Möbius syndrome is a congenital malformation syndrome characterized by an inability to move the eyes laterally and facial paralysis. The causes are faulty developments in the embryonic phase, the triggers of which have not been finally clarified. Muscle grafting can help patients learn facial expressions.
What is Moebius Syndrome?
The group of congenital malformation syndromes with predominant involvement of the face includes various diseases whose cause can be found either in the genetic material or in the embryonic development. One disease from this group of diseases is Möbius syndrome, which was first described in 1888. The German neurologist Paul Julius Möbius, who gave the syndrome its name, is considered to be the first to describe it. See sciencedict for Introduction to Megaureter.
The main symptoms of the rare clinical picture are facial paralysis and the inability to move the eyes sideways. Because of these symptoms, the disease is sometimes referred to as oculofacial paresis. The exact prevalence of the congenital disease is not yet known. So far, only 300 cases have been documented.
This connection points to extreme rarity. Due to its rarity, many patients are diagnosed late, although the syndrome clearly manifests itself in the newborn. There is probably a relatively high number of unreported patients who do not receive a diagnosis for life.
In most cases, Möbius syndrome occurs sporadically. In some cases, however, a familial accumulation was also observed, which is apparently based on an autosomal dominant inheritance. The cause of the complex of symptoms appears to be underdevelopment of the sixth and seventh cranial nerves. The sixth cranial nerve is also known as the abducens nerve. This nerve is involved in the lateral movement of the eyes.
The seventh cranial nerve is the facial nerve and controls facial expressions. The Möbius syndrome thus corresponds to an embryonic underdevelopment, the causes of which have not yet been conclusively characterized. In the case of autosomal dominant inheritance, genetic factors probably play a role. According to speculation, however, prenatal ischemia of the brain could also cause underdevelopment. Such ischaemia plays a role above all in sporadic cases and can be triggered, for example, by pregnancy trauma or drug abuse during pregnancy.
Symptoms, Ailments & Signs
Newborns with Möbius syndrome have a mask-like face because their facial muscles are paralyzed. The face therefore appears expressionless and provokes feeding difficulties. For example, patients can hardly drink from their mother’s breast. Those affected cannot follow moving objects with their eyes because they are unable to move their eyes sideways.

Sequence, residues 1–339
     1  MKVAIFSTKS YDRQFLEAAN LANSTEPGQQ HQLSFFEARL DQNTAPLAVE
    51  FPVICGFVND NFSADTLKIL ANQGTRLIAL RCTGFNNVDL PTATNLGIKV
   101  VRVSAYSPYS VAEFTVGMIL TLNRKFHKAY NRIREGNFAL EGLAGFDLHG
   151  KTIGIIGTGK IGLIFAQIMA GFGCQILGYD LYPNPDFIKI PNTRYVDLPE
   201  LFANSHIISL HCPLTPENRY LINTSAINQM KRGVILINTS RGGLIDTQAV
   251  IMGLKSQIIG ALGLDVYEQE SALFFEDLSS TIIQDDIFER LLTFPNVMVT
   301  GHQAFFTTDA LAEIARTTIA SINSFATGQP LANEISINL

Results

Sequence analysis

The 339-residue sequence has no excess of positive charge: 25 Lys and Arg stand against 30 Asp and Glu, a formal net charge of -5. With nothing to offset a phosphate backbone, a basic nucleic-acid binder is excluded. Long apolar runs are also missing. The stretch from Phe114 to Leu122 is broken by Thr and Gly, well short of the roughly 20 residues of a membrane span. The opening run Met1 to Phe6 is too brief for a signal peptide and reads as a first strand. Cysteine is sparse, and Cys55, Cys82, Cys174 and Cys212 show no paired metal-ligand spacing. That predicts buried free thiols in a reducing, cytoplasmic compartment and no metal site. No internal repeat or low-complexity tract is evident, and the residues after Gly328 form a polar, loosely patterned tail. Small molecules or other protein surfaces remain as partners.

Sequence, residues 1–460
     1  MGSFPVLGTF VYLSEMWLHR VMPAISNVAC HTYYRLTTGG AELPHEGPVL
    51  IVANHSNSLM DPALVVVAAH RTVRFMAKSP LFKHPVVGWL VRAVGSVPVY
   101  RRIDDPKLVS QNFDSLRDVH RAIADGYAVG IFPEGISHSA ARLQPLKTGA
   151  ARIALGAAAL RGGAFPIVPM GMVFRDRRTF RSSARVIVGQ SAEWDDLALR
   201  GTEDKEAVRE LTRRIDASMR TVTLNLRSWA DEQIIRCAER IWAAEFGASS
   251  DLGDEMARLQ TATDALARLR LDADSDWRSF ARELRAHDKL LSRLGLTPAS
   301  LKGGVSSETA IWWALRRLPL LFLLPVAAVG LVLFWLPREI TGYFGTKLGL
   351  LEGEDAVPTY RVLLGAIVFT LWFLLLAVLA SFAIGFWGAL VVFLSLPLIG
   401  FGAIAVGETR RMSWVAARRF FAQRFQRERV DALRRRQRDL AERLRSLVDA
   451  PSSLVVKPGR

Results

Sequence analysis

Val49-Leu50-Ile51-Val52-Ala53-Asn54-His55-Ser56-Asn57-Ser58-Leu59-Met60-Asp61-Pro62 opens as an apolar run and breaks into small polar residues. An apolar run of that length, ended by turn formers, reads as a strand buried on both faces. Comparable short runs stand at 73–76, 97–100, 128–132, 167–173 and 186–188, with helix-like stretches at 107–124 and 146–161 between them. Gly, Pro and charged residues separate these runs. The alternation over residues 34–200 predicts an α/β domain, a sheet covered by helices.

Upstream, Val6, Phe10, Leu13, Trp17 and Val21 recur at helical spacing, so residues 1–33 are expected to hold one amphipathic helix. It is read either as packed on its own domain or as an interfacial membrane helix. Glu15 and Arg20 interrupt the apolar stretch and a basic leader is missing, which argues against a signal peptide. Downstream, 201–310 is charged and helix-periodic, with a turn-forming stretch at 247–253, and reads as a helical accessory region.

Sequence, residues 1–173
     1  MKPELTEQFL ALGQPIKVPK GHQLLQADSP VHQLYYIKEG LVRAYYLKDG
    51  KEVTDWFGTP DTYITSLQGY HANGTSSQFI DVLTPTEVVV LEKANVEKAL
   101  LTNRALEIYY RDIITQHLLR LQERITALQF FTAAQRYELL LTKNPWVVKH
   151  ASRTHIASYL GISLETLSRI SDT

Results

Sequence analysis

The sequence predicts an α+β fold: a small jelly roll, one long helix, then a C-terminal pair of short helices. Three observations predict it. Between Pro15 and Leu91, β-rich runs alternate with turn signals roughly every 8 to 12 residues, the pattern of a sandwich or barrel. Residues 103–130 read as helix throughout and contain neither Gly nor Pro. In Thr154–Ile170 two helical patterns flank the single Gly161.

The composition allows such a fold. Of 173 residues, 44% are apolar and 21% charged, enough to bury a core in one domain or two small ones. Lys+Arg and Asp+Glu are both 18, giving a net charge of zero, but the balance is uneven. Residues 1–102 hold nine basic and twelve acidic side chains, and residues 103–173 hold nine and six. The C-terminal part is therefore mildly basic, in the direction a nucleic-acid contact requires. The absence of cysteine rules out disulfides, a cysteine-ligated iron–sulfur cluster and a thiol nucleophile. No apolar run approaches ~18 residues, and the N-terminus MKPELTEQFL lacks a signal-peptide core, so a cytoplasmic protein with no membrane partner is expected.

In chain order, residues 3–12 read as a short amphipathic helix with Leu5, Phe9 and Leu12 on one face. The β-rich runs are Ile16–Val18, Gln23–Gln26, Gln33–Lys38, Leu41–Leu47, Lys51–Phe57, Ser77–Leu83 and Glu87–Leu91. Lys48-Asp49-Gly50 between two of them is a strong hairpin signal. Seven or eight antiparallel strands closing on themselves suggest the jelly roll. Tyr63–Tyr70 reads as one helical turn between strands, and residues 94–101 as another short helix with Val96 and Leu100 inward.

Because of their facial expressions, patients with Moebius syndrome are often mistaken for being unfriendly or retarded. Nonetheless, in most cases they possess normal intelligence. In some cases, Möbius syndrome is also associated with malformations. As such, missing fingers and toes or club feet can manifest themselves. Torso deformities are also common.
Those affected often also squint. In some cases, their eyes are also extremely dry, making it difficult for them to blink. Due to the dryness, secondary diseases of the eyes can occur later. Completing the syndrome are symptoms such as difficulty speaking, difficulty swallowing, and drooling, often due to a deformity of the tongue.
Diagnosis & course of disease
The diagnosis of Möbius syndrome is difficult to make. If the doctor is familiar with the symptoms of the syndrome, he will have a first suspicion after the visual diagnosis. However, since the malformation syndrome can be confused with many other syndromes from this group, misdiagnoses are common.
Because the syndrome does not appear to have a clearly recognizable genetic cause, even a molecular genetic analysis cannot confirm the suspected diagnosis. This means that the doctor has hardly any means at his disposal for an undoubtedly reliable diagnosis.